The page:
In terms of similarities and differences with pharmaceutical plants in other parts of the world, the diversity of mains water will be the most variable. This variation will depend primarily on two factors, the first of which is the catchment area. These will either be nutrient-poor (oligotrophic) upland rivers where the microbial count, even using direct counting methods, will seldom exceed a few thousand CFU/ml; to they will be nutrient rich (eutrophic) regions of lowland rivers, where the counts may well exceed one million per ml. The second factor is the season; the levels of microorganisms in natural waters follow a seasonal distribution curve controlled by the amount of available nutrients and temperature.

With the system studied in this paper, the range appears to be towards the oligotrophic end of the scale. Furthermore, across the fifteen years of the study, no significant seasonal variations were noted. The predominant isolate from mains water was Pseudomonas fluorescens. P. fluorescens can grow at ambient and lower temperatures [19]. The organism is more often associated with agriculture than water systems, suggesting run-off from fields into the water feeding into the reservoirs for the water collected by the providing utility company. Like other Pseudomonads, the bacterium is well-equipped to survive in aquatic environments. The organism is generally non-pathogenic.
The second most prevalent organism was Brevundimonas vesicularis. B. vesicularis was formerly classified as a Pseudomonad [20]. The organism is commonly associated with water and slime. It is non-pathogenic.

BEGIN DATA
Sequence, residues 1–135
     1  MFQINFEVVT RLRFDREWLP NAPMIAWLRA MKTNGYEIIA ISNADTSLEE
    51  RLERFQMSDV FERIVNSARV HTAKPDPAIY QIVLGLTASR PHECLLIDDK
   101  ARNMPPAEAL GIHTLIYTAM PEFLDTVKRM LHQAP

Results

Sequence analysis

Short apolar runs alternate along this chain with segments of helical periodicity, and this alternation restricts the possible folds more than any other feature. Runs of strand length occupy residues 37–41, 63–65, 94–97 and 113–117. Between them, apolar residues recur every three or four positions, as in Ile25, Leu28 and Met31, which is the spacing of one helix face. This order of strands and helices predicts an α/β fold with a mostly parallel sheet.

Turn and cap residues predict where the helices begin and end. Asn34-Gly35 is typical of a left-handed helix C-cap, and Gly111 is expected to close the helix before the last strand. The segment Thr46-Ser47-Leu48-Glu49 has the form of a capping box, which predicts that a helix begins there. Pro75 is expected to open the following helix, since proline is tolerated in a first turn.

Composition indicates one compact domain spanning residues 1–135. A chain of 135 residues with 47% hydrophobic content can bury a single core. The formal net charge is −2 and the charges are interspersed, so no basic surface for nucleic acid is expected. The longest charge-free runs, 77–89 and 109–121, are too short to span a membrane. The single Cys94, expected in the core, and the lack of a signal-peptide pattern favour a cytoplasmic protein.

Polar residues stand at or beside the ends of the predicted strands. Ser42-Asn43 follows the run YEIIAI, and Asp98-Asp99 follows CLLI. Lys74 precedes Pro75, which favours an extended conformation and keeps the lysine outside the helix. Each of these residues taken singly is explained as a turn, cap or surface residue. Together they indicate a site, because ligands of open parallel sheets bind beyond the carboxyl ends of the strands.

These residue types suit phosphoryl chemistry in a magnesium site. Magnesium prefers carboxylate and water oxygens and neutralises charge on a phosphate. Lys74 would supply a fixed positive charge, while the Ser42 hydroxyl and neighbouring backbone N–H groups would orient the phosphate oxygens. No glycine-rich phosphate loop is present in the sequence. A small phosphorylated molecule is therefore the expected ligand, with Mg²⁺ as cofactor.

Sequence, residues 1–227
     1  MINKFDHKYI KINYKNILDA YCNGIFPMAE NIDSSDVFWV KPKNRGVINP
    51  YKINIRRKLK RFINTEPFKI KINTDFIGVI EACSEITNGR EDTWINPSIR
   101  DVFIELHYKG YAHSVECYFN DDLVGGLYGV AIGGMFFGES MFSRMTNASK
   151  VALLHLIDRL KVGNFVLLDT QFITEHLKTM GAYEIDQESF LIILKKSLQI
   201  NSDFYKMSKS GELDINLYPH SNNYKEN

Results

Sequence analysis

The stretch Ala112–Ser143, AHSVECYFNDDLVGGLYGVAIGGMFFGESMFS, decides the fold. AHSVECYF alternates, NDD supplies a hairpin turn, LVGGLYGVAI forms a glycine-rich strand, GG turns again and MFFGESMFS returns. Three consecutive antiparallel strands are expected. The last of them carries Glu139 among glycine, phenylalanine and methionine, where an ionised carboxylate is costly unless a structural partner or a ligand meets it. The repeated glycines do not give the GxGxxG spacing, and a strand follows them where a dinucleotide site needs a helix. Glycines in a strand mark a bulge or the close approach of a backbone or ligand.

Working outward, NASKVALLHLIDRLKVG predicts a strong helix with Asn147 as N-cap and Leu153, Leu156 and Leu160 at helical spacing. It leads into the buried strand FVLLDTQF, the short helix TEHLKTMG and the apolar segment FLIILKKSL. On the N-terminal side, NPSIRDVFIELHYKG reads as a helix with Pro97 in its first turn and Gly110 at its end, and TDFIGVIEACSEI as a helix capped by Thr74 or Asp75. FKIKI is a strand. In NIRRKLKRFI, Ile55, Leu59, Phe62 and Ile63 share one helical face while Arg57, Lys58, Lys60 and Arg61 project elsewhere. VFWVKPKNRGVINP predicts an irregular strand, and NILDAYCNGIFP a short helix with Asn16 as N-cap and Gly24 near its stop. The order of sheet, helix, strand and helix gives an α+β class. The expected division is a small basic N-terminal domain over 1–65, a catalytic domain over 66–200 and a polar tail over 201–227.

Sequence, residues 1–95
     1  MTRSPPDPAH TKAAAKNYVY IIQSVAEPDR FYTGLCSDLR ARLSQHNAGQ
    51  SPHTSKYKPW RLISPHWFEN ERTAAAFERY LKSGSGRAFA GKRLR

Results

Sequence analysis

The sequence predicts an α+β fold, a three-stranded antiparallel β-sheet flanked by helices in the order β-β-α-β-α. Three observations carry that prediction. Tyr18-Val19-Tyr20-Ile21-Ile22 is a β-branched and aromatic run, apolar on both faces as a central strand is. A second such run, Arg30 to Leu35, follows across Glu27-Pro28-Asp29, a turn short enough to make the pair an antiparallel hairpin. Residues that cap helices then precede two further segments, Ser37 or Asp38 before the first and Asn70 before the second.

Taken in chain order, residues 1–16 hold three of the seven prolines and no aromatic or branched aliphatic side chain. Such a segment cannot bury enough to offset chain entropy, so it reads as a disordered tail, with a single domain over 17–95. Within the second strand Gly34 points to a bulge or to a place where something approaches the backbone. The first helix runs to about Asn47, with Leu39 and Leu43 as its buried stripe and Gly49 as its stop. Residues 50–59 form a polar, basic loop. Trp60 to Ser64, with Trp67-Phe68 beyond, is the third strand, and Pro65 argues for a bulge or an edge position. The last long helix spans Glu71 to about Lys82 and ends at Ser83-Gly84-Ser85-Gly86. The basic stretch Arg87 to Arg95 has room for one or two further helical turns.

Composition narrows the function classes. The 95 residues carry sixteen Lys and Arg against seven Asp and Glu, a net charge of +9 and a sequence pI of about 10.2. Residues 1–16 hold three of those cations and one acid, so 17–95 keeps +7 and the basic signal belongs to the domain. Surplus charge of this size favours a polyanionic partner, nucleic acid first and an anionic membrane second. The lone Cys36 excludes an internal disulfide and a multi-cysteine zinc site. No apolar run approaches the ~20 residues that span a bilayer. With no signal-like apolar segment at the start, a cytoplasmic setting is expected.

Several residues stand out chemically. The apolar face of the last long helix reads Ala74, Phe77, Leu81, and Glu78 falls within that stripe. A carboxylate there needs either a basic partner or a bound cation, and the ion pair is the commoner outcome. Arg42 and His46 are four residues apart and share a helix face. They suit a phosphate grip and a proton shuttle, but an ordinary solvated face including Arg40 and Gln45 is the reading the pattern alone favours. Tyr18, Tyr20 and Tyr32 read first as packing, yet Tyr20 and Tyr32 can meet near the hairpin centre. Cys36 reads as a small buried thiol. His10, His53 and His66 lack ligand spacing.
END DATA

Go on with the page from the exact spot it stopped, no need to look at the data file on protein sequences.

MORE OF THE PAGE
The third most common isolate was Ralstonia pickettii. R. Pickettii is common to soil and water [21]. Together with the other primary species from mains water, its occasional presence is unsurprising.

With the purified water system there was a close similarity with the WFI system, in that R. Pickettii and B. Cepacia were the most common isolates. These organisms seem to be indigenous to an oligotrophic purified water environment. Given the similarity of the bacteria recovered, the primary organisms are discussed in relation to the WFI system below.

With WFI, the most common isolate was Ralstonia pickettii. This organism, as noted above in relation to mains and purified water, appears common to water environments. Furthermore, the bacterium is an associated community member of biofilms in pipes [22] (along with other non-fermenting Gram-negative rods, particularly Pseudomonads)[23]. Given that the organism capable of surviving in areas with a very low concentration of nutrients, its recovery from the low-nutrient conditions of WFI is unsurprising.

As to whether this organism presents a particular risk to pharmaceutical process is debatable. Any high levels of Gramnegative organisms is problematic, especially in relation to endotoxin generation. It has been estimated that as few as 2.5 x 102 CFU/ml of B. Cepacia and 3.3 x 103 CFU of P. Fluorescens will give a detectable level of endotoxin with the LAL test (around 0.06 EU/ml) [24]. With R. pickettii, the primary risk to pharmaceutical processing is the bacterium's ability to pass through filters with small pore sizes, including the primary sterilizing grade filter (0.2 μm). If the organism is found in high numbers, then possibly consideration should be given to using a filter with a smaller pore size (such as 0.1 μm.) In hospital settings the organism could pose a risk to the immunocompromised host [25]. In a clinical setting, as with a hospital water system, the bacterium is a nosocomial pathogen associated with those who are debilitated or immunosuppressed.